Materials in hiking boots help play a role in the boots weight, durability, breathability and water resistance or waterproofness. Lightweight boots usually consist of synthetic materials, such a Polyester, Nylon and Nylon mesh and are not waterproof, but may offer some water resistance.  Middle weight boots usually consist of split grain leather paired with Nylon or Nylon mesh. Synthetic fibers tend to breathe well and keep your feet from sweating too much.  Although they get wet, they dry out rather quickly.  Heavyweight boots usually offer full grain leather and have a Gore-Tex or Event membranes to keep your feet dry, but the membrane does encourage your feet to sweat because they don’t breathe as well as Nylon or Nylon mesh.

Most if not all hiking boots regardless of weight have rubber outsoles featuring some type of lug pattern.  Lugs are traction giving bumps that help give you grip and balance on uneven surfaces in dry, loose, wet or muddy conditions.  Deeper, thicker lugs help improve your grip, widely spaced lugs offer good traction and shed mud more easily. 

Once you have chosen the type of boot that fits your desired hiking application, its time to talk about fit, which is the most important part. Hiking boots should fit snug everywhere but will still offer room for you to wiggle your toes. Your heel should stay locked in the heel pocket with no movement. You should not feel any pinch points, odd bumps or seams and your toes should not be hitting the end of the boot.  It's best to get your foot measured before trying on a boot to make sure you are in the right “ballpark” for size to start.  It’s important to also be wearing the socks that you plan on using for hiking, as this will affect the fit of the boot.  Once you try a boot that feels and fits properly, spend some time in them in the store.  Walk around, go up and down stairs if they are available, or find an inclined surface in the store if possible.  This will serve as good test to see if your heel stays locked in the pocket of the boot.  Also make sure the boot is laced up properly as this will affect both the fit and performance of the boot.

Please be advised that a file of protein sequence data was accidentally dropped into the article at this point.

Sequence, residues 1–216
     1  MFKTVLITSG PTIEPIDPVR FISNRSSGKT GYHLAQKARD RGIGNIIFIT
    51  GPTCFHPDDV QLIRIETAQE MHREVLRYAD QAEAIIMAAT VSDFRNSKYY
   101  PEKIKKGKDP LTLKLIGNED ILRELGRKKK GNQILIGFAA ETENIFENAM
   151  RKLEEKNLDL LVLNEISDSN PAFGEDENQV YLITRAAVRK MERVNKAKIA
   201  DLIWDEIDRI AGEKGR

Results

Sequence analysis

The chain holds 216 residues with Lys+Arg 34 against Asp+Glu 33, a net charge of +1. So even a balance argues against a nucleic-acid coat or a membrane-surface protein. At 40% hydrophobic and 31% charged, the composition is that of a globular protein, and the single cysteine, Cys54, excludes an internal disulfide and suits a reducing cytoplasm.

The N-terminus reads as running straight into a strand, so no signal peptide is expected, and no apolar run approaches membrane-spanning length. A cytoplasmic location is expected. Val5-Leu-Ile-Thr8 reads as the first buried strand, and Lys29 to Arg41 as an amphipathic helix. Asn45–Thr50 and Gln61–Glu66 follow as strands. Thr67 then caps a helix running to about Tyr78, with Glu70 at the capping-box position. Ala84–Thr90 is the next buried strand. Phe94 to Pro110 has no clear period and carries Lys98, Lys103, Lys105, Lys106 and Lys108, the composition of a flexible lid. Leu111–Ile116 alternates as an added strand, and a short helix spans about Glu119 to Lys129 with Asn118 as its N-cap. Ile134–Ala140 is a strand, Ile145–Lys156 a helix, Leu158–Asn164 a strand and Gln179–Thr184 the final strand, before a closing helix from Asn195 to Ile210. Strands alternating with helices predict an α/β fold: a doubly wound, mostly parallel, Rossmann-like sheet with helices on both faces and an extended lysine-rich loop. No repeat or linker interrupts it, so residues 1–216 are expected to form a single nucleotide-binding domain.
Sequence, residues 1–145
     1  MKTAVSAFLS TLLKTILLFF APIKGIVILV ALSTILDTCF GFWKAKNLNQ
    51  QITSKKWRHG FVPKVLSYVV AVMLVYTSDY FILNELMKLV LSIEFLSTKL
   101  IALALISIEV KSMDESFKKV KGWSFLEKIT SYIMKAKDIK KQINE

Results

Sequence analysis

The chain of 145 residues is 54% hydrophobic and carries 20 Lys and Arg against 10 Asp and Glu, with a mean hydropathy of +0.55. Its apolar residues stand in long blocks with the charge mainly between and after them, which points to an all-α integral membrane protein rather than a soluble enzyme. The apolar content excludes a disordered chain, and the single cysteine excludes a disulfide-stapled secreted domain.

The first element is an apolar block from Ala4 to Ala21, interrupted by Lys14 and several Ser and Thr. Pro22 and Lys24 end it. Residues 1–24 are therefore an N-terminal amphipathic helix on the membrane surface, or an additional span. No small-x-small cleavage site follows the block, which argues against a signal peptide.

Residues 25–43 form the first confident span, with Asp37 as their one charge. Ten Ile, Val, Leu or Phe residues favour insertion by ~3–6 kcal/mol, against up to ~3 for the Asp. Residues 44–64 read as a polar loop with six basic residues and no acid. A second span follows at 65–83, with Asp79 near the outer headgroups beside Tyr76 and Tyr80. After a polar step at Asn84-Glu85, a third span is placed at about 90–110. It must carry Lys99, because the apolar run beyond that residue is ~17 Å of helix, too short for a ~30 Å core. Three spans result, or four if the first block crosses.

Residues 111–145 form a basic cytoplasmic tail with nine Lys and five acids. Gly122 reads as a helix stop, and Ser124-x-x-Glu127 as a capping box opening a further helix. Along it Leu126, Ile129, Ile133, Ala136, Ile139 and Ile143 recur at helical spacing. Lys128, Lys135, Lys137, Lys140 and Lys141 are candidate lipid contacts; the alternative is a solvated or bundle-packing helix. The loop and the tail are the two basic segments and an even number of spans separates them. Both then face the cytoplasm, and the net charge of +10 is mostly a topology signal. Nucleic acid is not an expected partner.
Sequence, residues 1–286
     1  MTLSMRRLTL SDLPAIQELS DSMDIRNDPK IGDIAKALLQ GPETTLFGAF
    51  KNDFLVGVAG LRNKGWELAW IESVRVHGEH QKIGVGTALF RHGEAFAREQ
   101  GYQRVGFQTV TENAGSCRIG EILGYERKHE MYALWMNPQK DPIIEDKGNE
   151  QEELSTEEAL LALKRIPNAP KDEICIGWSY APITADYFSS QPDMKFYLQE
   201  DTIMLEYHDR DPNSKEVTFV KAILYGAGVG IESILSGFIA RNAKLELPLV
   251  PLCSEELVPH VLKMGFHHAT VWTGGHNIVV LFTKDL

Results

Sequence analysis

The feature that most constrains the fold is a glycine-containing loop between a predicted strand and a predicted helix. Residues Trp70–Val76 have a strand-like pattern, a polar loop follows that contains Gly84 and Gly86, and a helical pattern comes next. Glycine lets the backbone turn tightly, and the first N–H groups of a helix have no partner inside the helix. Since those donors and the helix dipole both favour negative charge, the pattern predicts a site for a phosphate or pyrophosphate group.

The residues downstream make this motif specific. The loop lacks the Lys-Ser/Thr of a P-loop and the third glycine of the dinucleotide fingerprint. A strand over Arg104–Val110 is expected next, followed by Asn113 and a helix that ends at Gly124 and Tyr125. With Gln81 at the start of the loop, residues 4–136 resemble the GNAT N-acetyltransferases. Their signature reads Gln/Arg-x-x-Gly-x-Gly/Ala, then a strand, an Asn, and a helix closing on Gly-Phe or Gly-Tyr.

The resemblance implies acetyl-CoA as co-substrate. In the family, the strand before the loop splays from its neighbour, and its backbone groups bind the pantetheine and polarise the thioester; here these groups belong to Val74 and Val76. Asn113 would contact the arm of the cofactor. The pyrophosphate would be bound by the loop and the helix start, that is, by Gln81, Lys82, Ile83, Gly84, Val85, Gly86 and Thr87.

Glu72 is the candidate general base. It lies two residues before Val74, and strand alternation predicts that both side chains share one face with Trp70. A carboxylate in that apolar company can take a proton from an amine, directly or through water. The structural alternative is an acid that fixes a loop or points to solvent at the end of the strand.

Lastly, whatever type boot you decide to go with, make sure that you wear them and break them in a bit before going out on your first hike. To many people overlook this important step.  Different boots take different break-in times. Light hikers may feel perfect right out of the box, and usually break in quite quickly while burly leather models (Usually found in the heavyweight category) may require weeks to break in. The leather needs time to soften up so your boots and feet can conform to one another.

Even great-fitting boots need to get in sync with your feet. If you take the time to break in a new pair of hiking boots, you’ll enjoy many comfortable miles on the trail together. Finishing a hike with your feet still feeling great is the job and ultimate goal of your hiking boots.